Consider how the good news of Jesus Christ shapes how you listen and speak to others. If we're honest, we often boil down godly communication to some version of bridling the tongue which could be put this way: "Just don't say anything angrily or in an offensive way and we will have accomplished our Christian duty." But is that all Jesus has called us to in loving our neighbor with restrained tongues and intentional speech? How does his mercy and grace in saving you, making you a new creation, opening your eyes to see human worth in every person, and enlisting you in his mission to save others make a difference in how you communicate with people? Consider even studying the gospel accounts to see how Jesus models communication as he tailored his words for particular situation, doing so without sin.
Take time to dream about our church. By "dream", I mean imagine and envision a church body that is increasingly growing in opening up to one another (leading to transparent people who aren't scared of seeming flawed, James 5:16), that is consciously thinking the best of its brothers and sisters (thus cutting out the legs of judgment, James 2:13, James 5:9, Luke 6:37), that is eager to be at peace together (a major priority for us, Eph. 4:3, Rom. 15:5-6), and that is dedicated to nourishing as many people as possible with gracious words (resulting in those who are "built up", 1 Thess. 5:11). What would this look like in your mind? What evidences of godly communication do you wish were noticable? What are some key components that are missing or are preventing this from happening? How can we pursue that vision in prayer? How can you be an example of this true and rich version of godly communication?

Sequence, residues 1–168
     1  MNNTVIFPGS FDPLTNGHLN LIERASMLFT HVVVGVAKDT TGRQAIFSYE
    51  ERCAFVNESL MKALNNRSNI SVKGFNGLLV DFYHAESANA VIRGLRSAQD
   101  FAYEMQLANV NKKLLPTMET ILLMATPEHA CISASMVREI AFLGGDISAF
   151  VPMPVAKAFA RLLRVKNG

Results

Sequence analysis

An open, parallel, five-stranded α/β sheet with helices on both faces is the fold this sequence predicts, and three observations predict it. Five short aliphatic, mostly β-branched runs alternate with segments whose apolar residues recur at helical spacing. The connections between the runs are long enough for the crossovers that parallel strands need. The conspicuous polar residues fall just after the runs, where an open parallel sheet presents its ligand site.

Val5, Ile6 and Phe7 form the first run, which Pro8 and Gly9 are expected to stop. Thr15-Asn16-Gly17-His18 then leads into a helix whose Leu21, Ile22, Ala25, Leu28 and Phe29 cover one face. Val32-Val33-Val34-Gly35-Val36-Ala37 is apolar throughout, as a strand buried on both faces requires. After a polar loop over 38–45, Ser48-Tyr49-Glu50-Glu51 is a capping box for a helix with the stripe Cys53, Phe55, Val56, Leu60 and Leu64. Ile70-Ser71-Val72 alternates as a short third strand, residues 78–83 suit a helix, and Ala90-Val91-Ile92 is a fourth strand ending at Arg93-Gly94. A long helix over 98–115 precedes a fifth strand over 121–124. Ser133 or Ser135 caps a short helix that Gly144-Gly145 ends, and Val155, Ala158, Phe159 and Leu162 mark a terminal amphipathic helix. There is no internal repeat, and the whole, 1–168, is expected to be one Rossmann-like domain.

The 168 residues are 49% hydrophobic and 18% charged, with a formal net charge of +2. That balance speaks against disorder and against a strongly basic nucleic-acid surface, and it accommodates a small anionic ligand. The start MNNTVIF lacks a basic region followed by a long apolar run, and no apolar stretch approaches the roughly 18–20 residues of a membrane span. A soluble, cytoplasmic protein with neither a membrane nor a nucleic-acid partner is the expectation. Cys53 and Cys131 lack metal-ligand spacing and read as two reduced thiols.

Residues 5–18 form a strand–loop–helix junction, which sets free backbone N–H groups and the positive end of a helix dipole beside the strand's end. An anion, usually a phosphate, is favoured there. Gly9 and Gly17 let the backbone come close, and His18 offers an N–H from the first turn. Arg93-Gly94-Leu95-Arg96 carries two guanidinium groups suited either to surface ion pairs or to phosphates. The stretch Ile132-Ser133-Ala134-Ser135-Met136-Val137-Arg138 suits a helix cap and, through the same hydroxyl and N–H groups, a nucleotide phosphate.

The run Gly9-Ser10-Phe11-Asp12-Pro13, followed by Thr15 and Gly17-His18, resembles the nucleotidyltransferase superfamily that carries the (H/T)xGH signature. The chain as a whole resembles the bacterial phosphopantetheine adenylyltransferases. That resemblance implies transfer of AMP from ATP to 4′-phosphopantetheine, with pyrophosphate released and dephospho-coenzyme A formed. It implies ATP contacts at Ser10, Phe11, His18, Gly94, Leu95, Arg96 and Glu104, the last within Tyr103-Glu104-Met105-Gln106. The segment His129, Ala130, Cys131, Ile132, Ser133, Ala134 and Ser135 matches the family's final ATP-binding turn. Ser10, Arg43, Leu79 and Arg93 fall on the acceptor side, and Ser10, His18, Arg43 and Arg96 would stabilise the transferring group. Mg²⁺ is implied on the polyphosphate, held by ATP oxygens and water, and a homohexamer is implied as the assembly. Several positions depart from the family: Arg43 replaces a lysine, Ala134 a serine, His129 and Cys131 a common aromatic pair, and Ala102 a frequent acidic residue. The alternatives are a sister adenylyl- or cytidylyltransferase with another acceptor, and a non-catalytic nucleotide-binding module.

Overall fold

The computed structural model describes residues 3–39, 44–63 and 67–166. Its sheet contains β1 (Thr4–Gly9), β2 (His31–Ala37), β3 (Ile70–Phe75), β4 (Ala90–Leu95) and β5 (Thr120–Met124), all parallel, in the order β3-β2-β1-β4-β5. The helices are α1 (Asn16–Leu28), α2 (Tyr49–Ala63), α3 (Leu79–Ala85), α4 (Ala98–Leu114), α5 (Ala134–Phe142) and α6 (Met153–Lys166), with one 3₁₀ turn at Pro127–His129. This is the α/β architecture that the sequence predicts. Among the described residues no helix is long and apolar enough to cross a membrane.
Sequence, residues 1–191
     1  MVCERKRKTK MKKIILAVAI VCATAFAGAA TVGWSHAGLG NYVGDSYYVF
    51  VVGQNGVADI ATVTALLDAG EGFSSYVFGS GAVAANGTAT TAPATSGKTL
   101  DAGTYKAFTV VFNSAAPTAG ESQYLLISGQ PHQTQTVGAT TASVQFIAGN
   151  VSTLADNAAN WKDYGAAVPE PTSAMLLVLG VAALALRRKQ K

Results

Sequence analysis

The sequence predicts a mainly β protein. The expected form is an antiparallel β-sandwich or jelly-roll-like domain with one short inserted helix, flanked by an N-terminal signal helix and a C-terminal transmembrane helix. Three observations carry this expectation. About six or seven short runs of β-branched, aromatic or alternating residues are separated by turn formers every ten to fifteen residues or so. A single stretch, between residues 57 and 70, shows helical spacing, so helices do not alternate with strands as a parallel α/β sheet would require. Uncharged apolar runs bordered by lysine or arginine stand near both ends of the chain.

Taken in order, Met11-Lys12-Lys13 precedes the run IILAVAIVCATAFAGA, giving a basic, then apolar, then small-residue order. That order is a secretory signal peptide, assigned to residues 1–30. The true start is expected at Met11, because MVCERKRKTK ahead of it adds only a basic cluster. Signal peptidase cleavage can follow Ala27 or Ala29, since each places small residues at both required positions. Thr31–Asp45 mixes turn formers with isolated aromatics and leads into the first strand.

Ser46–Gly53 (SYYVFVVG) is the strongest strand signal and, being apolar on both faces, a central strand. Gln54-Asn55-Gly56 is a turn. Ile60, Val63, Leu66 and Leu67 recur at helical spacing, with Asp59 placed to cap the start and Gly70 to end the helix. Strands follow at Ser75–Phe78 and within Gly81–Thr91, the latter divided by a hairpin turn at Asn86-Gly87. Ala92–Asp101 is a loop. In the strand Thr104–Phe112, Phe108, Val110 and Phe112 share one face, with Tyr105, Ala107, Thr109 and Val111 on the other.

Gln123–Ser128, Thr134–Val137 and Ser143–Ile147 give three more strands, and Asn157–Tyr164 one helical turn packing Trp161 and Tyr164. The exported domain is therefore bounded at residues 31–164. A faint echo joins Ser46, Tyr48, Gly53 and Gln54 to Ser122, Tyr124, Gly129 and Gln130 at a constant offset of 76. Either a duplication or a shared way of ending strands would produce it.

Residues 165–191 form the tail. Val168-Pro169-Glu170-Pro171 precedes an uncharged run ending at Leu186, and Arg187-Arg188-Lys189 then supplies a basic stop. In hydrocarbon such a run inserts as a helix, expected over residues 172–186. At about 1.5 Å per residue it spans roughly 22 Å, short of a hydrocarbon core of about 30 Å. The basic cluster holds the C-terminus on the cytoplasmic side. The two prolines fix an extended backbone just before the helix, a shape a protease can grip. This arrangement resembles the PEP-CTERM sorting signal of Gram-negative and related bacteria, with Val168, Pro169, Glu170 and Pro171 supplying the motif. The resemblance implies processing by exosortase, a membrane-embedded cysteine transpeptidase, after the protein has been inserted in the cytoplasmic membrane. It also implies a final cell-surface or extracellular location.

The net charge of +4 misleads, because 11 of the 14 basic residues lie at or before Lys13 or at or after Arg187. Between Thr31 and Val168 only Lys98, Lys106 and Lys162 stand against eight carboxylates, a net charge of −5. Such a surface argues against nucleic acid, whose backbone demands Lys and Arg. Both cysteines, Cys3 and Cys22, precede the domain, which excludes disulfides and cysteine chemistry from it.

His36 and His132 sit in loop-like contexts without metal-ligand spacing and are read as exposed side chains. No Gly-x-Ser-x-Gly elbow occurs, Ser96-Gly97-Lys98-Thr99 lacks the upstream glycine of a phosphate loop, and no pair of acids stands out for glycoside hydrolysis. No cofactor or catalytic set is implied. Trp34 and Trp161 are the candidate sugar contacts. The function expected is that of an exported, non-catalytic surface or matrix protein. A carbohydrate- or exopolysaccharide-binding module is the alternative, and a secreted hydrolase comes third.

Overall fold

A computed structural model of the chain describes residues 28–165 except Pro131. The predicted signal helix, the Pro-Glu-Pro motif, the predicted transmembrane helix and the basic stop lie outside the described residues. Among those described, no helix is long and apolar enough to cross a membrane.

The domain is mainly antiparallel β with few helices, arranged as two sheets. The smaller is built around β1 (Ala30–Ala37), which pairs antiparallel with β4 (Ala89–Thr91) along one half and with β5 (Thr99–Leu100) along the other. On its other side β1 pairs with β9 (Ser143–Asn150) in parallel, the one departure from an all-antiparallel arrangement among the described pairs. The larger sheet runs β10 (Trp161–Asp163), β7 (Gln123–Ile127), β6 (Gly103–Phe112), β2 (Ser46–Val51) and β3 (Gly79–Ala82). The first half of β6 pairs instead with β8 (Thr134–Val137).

Practice the X-ray vision of respecting the image. Whether we're sorting out a disagreement, noticing a stranger a the bus stop, or having a team discussion at work, we have a choice to make. We can either acknowledge that every person bears God's image and is worthy of respect or we could ignore it, opening the door to all varieties of untrue and disrespectful thoughts of them. How are we supposed to see the innate value of someone when we feel wronged by them? By practicing. How do we push against our own internal but inaccurate racial stereotypes? By practicing. How do we see past someone's poverty to see their worth? By practicing the x-ray vision of respecting the image of God in them. With the help of God's own Spirit, we may begin to see everyone through a filter of respect and love rather than shrugging off their worth and replacing it with judgment. What might it look like for you to practice directing your first thought of others in the direction of acknowledging their image-bearing worth?
In it all, we have a Savior who has walked this road before and succeeded at every point. He was the perfect image-bearer as well as the perfect "respector" of that image in others. Not only is he our example, but he is also our hope. Our hope to be delivered from every sin and our hope to be able to increasingly follow him in whole-hearted, thankful, joyful obedience.
Register Here for our Respect the Image Seminar: May 1, 9am-3pm.